"Our key findings were that 1) there are no unique factors distinguishing the gateway sequence and the reverse sequence — that is, the sequence is opportunistic; 2) the gateway sequence and the reverse sequence have the same prognostic accuracy; and 3) a sizable proportion of substance users begin regular consumption with an illicit drug. These results, considered in the aggregate, indicate that the gateway sequence is not an invariant pathway and, when manifest, is not related to specific risk factors and does not have prognostic utility. The results of this study as well as other studies demonstrate that abusable drugs occupy neither a specific place in a hierarchy nor a discrete position in a temporal sequence. These latter presumptions of the gateway hypothesis constitute what Whitehead referred to as the 'fallacy of misplaced connectedness,' namely, asserting 'assumptions about categories that do not correspond with the empirical world.'"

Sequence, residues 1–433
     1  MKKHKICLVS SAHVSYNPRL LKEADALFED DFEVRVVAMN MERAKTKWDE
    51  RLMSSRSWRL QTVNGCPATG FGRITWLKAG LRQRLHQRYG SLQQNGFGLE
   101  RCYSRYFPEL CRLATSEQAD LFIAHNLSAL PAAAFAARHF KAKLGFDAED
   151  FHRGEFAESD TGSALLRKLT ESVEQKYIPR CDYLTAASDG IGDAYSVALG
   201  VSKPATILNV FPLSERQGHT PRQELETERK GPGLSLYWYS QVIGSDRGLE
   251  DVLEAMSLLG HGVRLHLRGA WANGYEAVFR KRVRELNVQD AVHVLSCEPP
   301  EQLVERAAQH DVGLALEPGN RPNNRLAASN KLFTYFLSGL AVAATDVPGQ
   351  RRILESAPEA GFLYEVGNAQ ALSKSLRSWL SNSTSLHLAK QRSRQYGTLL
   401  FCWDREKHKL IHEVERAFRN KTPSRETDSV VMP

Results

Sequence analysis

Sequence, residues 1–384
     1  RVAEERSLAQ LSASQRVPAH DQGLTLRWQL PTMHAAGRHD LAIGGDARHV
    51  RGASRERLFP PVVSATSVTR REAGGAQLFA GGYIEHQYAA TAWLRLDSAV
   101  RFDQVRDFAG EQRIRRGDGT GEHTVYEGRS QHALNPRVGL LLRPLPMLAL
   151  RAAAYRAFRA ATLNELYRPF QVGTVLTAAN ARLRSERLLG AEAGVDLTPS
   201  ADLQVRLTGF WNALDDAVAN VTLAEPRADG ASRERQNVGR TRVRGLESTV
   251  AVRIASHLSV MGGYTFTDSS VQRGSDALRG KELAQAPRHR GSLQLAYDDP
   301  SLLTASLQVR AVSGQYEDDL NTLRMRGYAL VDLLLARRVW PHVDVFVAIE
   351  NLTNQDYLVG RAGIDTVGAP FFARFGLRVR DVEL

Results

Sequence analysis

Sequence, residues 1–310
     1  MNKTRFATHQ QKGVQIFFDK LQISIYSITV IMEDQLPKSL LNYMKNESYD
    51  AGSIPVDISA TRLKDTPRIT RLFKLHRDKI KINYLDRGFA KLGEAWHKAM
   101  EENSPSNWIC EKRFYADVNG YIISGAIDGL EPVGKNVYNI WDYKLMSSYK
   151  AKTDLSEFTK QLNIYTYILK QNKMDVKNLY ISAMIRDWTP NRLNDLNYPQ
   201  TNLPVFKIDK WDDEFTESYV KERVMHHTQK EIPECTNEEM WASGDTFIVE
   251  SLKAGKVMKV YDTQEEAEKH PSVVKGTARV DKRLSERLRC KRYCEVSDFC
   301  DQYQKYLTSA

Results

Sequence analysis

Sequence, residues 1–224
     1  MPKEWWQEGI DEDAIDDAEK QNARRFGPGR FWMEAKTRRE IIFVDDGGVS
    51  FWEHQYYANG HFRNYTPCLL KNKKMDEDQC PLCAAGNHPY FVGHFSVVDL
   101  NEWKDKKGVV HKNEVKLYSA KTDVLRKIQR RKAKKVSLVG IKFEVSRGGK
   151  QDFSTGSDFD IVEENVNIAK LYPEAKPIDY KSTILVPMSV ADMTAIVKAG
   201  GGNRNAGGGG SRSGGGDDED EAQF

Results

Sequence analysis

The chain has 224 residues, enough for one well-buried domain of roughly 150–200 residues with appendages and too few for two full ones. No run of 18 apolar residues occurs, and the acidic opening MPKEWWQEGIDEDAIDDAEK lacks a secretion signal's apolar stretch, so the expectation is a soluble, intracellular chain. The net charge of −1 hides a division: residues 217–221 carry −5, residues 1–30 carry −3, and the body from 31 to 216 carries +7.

Ralph E. Tarter, Ph.D., Michael Vanyukov, Ph.D., Levent Kirisci, Ph.D., Maureen Reynolds, Ph.D., and Duncan B. Clark, M.D., Ph.D. Predictors of Marijuana Use in Adolescents Before and After Licit Drug Use: Examination of the Gateway Hypothesis. American Journal of Psychiatry 2006 163:12, 2134-2140.